• Wind farms only last for 25 years and are then removed
The key components of the turbines, namely the gears, normally last only about 10 to 12 years before they need replacing. Very few wind farms are as much as 25 years old yet – but we know of several cases where the operators have taken the opportunity to rebuild much sooner than that, erecting larger turbines than originally installed. So it is safer to assume that a wind farm, once built, will effectively be a permanent feature of the landscape.

• Wind farms are not noisy
Wrong. There are plenty of examples where residents have suffered ill health effects caused by both noise (and on occasion shadow-flicker) when living too close to turbines. Some people, including some farmers, have even been forced out of their homes as a result. There is no legal setback distance from homes in the UK, though the Scottish Executive recommends 2kms as a desirable minimum.

• Wind farms generate hardly any complaints
A report by the University of Salford in 2006 showed that about 20% of wind farms had already generated formal complaints. That work is currently being updated, as there are many more wind farms today than in 2006 and their technology has allegedly improved. The current work shows that the 20% level of complaints, however, remains steady.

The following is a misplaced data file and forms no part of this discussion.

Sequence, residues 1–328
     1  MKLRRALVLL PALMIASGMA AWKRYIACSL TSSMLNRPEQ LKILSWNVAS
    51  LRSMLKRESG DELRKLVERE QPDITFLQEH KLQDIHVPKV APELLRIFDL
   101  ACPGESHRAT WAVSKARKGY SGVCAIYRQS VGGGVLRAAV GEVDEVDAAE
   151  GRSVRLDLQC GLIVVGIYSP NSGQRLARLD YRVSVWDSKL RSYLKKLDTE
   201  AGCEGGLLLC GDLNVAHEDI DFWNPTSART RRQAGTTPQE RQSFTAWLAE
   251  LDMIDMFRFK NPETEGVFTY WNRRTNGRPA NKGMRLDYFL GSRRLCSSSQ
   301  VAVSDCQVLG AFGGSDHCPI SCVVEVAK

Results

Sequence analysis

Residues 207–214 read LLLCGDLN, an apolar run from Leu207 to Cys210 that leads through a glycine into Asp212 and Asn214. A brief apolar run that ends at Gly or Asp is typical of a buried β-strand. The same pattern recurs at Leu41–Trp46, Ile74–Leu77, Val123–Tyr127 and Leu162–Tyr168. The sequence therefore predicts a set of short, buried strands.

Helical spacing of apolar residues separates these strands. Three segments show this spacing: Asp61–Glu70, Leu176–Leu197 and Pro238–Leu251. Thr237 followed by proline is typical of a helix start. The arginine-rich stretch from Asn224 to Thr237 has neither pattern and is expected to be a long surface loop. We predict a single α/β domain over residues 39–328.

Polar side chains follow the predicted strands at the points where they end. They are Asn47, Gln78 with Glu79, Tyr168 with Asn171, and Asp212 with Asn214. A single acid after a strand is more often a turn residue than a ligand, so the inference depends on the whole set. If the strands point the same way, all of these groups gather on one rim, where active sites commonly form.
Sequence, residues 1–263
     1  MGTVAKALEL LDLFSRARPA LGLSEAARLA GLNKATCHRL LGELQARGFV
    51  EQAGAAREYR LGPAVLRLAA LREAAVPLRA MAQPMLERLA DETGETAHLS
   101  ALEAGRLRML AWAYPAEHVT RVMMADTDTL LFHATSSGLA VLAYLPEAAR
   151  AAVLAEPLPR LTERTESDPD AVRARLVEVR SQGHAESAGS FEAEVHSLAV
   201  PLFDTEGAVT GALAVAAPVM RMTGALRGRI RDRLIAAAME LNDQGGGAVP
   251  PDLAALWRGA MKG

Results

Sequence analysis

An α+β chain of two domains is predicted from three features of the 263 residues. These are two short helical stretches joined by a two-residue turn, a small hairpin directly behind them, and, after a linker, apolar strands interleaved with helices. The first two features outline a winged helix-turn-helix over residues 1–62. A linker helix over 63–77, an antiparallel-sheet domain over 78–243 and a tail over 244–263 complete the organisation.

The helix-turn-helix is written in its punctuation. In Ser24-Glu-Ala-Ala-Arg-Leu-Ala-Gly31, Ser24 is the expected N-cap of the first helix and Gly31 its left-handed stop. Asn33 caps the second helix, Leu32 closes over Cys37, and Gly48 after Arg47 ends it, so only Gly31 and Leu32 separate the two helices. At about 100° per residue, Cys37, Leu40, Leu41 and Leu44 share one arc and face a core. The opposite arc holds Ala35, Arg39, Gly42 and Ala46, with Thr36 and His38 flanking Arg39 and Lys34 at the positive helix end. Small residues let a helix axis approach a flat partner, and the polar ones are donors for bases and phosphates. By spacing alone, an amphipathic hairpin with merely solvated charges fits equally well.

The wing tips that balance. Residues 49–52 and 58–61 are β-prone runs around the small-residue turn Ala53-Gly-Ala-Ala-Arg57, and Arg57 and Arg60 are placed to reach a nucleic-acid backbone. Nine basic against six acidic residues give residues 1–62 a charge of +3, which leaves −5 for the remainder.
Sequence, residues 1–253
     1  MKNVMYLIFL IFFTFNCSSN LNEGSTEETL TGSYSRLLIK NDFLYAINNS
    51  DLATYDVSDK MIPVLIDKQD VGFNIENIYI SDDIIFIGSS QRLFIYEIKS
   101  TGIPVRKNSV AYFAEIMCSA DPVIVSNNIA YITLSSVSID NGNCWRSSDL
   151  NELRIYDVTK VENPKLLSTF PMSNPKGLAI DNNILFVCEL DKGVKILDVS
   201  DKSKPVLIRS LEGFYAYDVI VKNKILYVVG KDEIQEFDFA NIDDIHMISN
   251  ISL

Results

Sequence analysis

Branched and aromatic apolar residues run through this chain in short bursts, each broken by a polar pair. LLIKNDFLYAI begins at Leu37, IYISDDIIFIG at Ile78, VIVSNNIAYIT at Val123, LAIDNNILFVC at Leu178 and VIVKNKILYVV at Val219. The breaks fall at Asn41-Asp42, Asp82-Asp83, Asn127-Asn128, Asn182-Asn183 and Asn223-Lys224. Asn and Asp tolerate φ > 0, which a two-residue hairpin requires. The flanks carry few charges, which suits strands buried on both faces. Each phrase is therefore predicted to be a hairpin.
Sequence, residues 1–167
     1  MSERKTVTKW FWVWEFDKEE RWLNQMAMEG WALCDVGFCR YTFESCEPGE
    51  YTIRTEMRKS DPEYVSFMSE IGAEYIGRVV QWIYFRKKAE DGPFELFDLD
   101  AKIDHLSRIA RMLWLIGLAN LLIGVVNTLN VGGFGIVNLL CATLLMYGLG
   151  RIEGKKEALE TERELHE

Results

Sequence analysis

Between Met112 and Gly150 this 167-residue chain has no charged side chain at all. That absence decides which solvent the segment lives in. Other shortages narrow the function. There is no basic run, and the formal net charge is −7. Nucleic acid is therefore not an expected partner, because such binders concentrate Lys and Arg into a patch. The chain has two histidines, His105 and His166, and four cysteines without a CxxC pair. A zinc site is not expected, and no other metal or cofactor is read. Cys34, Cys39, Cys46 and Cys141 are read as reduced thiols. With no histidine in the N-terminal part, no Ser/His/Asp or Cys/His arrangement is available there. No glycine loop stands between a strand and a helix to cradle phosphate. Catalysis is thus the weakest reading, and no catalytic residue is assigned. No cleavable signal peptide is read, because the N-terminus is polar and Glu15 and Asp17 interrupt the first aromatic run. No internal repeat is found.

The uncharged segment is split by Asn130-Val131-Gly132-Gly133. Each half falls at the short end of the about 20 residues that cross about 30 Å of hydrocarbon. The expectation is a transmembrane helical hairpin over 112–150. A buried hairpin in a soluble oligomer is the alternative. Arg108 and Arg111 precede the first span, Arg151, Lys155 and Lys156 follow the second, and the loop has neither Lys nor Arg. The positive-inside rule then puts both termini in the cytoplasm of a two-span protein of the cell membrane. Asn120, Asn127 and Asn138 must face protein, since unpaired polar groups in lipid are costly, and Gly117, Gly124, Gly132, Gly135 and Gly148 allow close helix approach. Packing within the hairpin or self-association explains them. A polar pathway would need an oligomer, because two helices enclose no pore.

• Wind farms don’t cause a fall in house prices
Wind farm developers make this claim but there are certainly cases where people have difficulty in selling their homes once turbines are present. In one case, the vendors were legally obliged to compensate the purchasers by 20% of the house value, plus interest, for selling without having disclosed the presence of a wind farm proposal. The Royal Institute of Chartered Surveyors surveyed house values near wind farms and found that about 60% had declined by amounts varying between 5% and 50%.